Sikorsky UH-3H Sea King Developed for the U.S. Navy, the Sikorsky H-3 Sea King family of helicopters was designed around its ability to track and destroy submarines. Featuring a folding tail and rotor blades, the Sea King could operate from destroyers, as well as aircraft carriers, to provide protection to the fleet. It carried “dipping” sonar to listen for submerged subs and homing torpedoes to make the kill if necessary.
Sikorsky UH-34 Sea Horse The UH-34 began life as an enlarged version of Sikorsky’s H-19 and incorporated many of its features, such as a nose mounted engine and an elevated cockpit to provide more space for cargo. The big, capable helicopter served with all US services, and many foreign countries as a troop carrier, medevac and anti-sub platform. This particular UH-34D served in combat with the South Vietnamese Air Force, in the Vietnam War.
Sikorsky HO3S-1 (S-51) Dragonfly Best known for its appearance with Mickey Rooney and Will Holden in the movie Bridges of Toko-Ri the Sikorsky HO3S is an iconic and versatile helicopter. Its career spanned many roles from search and rescue to anti-submarine warfare. It was the first helicopter that Sikorsky offered for civilian use. In December 1946, an agreement was signed by Westland Aircraft in Britain and Sikorsky to produce the S-51 under license
Piasecki H-21 Shawnee The H-21 features the tandem rotor layout favored by Piasecki Helicopter for cancelling the torque caused by spinning rotors. Nicknamed the “flying banana,” it was originally designed as an arctic rescue helicopter to operate and be maintained in temperatures down to -65 degrees Fahrenheit. With help of in-flight refueling the H-21 became the first helicopter to fly nonstop across the country, and Shawnees saw heavy action in the Vietnam War.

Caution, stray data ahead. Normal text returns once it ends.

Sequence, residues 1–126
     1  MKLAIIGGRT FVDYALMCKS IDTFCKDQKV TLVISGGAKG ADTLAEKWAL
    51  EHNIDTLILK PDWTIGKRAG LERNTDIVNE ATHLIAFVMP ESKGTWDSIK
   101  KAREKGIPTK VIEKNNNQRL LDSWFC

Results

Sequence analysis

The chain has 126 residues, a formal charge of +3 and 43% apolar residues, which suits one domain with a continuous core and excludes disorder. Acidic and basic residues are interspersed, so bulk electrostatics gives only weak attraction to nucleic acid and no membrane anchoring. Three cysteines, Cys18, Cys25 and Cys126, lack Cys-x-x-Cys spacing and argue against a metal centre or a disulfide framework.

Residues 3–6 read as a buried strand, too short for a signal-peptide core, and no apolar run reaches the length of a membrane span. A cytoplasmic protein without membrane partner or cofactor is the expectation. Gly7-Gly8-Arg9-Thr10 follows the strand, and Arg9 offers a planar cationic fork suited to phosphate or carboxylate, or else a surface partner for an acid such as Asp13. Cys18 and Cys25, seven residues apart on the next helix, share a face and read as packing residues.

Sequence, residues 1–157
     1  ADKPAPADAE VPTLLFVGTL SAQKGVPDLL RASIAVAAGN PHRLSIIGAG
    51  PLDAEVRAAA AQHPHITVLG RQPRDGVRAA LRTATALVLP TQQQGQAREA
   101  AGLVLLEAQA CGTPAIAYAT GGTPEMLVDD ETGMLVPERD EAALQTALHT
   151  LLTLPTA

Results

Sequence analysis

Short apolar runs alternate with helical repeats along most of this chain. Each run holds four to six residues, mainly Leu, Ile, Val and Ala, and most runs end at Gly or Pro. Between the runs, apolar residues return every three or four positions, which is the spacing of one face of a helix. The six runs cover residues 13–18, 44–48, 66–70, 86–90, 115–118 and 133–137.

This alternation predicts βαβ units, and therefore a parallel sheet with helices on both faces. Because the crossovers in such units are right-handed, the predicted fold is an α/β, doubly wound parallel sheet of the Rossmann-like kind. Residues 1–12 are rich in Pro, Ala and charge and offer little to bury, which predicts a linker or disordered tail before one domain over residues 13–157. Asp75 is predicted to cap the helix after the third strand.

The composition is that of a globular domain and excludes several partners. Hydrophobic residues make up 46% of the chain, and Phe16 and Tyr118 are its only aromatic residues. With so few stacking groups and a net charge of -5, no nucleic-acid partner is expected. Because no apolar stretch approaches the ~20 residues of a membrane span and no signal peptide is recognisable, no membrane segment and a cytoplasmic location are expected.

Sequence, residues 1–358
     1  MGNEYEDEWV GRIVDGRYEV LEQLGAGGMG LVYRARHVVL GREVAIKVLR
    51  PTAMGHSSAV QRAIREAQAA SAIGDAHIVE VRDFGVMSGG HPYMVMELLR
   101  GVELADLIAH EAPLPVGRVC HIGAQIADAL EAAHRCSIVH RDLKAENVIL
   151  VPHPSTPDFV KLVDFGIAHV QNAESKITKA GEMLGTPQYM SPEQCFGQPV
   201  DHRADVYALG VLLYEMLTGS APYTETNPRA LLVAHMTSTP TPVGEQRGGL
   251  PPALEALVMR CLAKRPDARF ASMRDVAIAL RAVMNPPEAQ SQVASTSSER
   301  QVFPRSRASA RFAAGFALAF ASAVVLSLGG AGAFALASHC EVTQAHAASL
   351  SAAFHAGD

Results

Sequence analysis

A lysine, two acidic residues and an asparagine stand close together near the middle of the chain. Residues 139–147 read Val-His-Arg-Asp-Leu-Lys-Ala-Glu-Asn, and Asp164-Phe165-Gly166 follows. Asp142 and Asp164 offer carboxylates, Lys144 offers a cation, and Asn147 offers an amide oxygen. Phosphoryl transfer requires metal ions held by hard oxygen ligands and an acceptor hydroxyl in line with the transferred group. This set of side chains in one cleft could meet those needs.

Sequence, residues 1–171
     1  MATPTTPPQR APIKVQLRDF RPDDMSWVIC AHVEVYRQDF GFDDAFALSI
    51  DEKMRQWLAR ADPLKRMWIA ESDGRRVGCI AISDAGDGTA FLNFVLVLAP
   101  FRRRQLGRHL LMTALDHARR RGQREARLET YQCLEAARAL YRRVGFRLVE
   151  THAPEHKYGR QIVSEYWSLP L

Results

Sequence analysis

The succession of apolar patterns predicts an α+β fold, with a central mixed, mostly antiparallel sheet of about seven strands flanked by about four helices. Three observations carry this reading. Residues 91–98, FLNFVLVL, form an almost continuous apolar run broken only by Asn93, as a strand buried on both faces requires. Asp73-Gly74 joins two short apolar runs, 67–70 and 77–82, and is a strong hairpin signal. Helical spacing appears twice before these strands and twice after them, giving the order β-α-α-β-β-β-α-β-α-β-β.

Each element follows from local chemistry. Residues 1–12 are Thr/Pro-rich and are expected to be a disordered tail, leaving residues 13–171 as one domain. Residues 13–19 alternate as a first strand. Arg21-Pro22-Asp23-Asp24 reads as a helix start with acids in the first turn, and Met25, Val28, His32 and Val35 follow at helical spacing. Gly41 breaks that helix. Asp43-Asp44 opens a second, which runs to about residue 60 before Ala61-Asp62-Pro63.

Designed for accurate and effective attacks on land and sea targets, bombers have played a pivotal role in U.S. history. As a highlight of our bomber exhibit, you can step inside a fully restored B-17 Bomber, best known for its surprisingly successful daylight raids on Germany during World War II. You won’t want to miss this unique exhibit.
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Boeing B-17G Flying Fortress The B-17 Flying Fortress was the United States’ workhorse heavy bomber during World War II. Most famous for their Eighth Air Force daylight strategic bombing raids on Germany, some B-17s continued their military careers with the United States Air Force as weather ships, target drones and rescue planes. In civilian life these big bombers hauled cargo, starred in movies, sprayed crops and fought forest fires. Today, only a handful survive.
Douglas A-26C Invader The most versatile combat aircraft ever built, serving in three major wars and a number of minor conflicts in a career that spanned almost three decades. Designed by legendary engineer Ed Heinemann, the A-26 was capable of fast low-level attack, as well as precision bombing for close support of troops on the ground.
General Motors TBM-3E Avenger The Avenger was the first new aircraft to enter Navy service after the attack on Pearl Harbor, and its name proved fitting. By the end of World War II, Avengers had sunk more than 60 Japanese ships including the world’s largest battleship, the Yamato. Flying from aircraft carriers in all theaters of war, it excelled as a torpedo bomber but was also used as a dive bomber and for anti-submarine patrol.
Douglas AD-5N Skyraider Designed as a high-performance dive/torpedo bomber, the Douglas AD Skyraider series of aircraft was too late to see service in World War II, but served with distinction in both the Korean and Vietnam Wars. Able to carry a bomb load equal to that of a four-engined B-17 Flying Fortress, the AD (re-designated A-1 in the 1960s) specialized in close-in support of troops on the ground. Despite being a bit of an anachronism in the jet age, the Skyraider proved invaluable during search and rescue operations, as its lower speed and longer endurance meant it could circle over a downed airman or escort helicopters where a jet could not.